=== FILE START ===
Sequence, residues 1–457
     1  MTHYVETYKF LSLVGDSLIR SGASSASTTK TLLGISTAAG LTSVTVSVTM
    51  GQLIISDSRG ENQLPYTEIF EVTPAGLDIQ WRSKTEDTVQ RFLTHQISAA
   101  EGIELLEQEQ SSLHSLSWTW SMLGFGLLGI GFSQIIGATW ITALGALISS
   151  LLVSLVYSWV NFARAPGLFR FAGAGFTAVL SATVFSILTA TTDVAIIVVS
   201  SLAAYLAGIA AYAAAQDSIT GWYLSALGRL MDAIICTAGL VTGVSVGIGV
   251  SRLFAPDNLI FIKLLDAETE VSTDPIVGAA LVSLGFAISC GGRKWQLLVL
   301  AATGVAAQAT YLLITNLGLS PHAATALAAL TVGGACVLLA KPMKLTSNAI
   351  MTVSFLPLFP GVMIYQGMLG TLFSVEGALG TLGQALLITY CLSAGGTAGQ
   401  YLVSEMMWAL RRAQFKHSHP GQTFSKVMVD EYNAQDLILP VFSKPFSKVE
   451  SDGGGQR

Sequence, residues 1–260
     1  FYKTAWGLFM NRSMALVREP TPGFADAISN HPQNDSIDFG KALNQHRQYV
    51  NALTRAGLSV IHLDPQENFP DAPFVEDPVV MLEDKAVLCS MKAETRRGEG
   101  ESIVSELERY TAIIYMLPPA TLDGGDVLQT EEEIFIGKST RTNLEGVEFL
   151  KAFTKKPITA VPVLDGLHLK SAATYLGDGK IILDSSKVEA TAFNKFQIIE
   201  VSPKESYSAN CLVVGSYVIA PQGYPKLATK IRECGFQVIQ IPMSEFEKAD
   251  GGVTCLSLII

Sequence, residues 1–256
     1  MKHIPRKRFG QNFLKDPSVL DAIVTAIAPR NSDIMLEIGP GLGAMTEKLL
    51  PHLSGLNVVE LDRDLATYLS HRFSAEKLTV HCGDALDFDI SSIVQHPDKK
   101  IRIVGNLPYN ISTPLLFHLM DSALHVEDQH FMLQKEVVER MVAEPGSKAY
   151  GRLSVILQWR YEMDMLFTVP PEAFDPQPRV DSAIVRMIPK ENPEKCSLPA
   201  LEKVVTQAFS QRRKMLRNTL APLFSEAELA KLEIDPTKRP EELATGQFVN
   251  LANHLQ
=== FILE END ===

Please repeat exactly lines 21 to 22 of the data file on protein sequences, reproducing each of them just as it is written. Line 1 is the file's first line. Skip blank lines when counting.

    51  PHLSGLNVVE LDRDLATYLS HRFSAEKLTV HCGDALDFDI SSIVQHPDKK
   101  IRIVGNLPYN ISTPLLFHLM DSALHVEDQH FMLQKEVVER MVAEPGSKAY